A rich body of experience spanning decades across multiple industry sectors that add a great deal of value when it comes to understanding the potential of a part for reuse and remanufacture.
At the design and development stage surface engineering principles will not only help outline required service intervals and product lifespan but also how often an application can be re-coated whilst ensuring integrity and reliability.
If a part is unable to be reused due to integrity concerns, an appreciation of surface engineering can help outline future use in other areas or even industry sectors – subsea oil and gas parts used in tidal energy generation for example.
The role of Surface Engineering: Maximising lifespan
At the very core of surface engineering is the principle of maximising product lifespan, reliability and performance however this is very often seen as a task for a newly manufactured product.
In fact, taking a circular economy approach, surface engineering can map out, through an understanding of operating environment and performance requirements, when a part can be maintained and extend its lifespan.
Cost is very often a perceived barrier to doing this, however there are many cost-effective means of repairing and maintaining rather than replacing technology. At Surface Technology we regularly partner subsea oil and gas manufacturers to remanufacture technology for reuse, other applications include food manufacturing, automotive and aerospace.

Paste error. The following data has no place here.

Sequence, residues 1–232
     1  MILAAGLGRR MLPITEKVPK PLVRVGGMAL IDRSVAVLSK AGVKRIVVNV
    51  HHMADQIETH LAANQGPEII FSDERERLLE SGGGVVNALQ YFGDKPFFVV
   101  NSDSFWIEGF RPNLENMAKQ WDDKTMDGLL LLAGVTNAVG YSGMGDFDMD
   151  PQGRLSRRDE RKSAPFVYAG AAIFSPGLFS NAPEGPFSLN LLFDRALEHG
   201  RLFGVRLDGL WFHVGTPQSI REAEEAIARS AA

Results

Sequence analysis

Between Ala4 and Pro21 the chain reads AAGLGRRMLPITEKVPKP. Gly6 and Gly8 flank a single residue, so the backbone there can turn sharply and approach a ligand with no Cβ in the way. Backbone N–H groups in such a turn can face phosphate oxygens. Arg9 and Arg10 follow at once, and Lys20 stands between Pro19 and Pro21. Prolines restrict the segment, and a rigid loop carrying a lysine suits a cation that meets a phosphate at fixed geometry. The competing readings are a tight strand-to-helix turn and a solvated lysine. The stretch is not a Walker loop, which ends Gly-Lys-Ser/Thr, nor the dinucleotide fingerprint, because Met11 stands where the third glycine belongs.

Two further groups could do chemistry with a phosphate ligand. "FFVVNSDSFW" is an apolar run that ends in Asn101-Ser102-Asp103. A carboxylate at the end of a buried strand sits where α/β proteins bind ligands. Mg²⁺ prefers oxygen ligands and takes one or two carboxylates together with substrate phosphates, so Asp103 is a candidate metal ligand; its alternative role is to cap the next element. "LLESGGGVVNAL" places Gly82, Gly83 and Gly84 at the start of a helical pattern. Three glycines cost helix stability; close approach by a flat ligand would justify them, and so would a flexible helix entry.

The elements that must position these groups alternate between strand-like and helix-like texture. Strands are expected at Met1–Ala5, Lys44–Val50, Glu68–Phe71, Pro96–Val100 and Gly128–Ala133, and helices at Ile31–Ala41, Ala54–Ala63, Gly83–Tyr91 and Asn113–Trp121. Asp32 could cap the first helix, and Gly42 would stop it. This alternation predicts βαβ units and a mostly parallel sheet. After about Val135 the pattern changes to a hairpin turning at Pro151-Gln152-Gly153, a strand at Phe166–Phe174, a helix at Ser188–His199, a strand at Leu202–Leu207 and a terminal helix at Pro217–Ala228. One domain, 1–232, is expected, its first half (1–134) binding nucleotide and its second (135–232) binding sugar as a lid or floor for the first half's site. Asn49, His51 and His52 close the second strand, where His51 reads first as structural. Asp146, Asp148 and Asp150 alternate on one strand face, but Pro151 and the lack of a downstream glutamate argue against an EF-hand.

Our sister company, SIFCO ASC, regularly partner manufacturers in the oil and gas, aerospace, mining and power generation sector to maintain and remanufacture products for reuse where they would otherwise be replaced.
The role of Surface Engineering: Opening up new applications
From use on the seabed to being re-purposed into a valve for snack food manufacturing, rail part to use in power generation, there are many applications that reach the end of their first product lifecycle that can, through intelligent engineering and surface engineering, be reinvigorated for a second life in a completely different application and sector.
Knowledge of the part’s surface capabilities, the toxicity of the coating or plating applied, the potential for removal of surface finishing, machining and any additional post treatment all help outline the engineering and economic viability of re-purposing technology.
Achieving the bold vision of a circular economy will take a multi-disciplinary, cross-sector, multi-national approach to achieve.
However, the environmental and economic benefits significantly outweigh the challenge.
At Surface Technology we will continue to partner manufacturers and suppliers of all sizes throughout the UK to maximise the longevity and performance of products.
We are currently exploring the role of surface engineering for further remanufacturing of subsea oil and gas technology and are looking to partner more manufacturers on the path to embracing sustainable manufacturing principles.
Contact us now to discuss your remanufacturing requirements and find out how our range of surface finishing services can help you push towards a circular economy.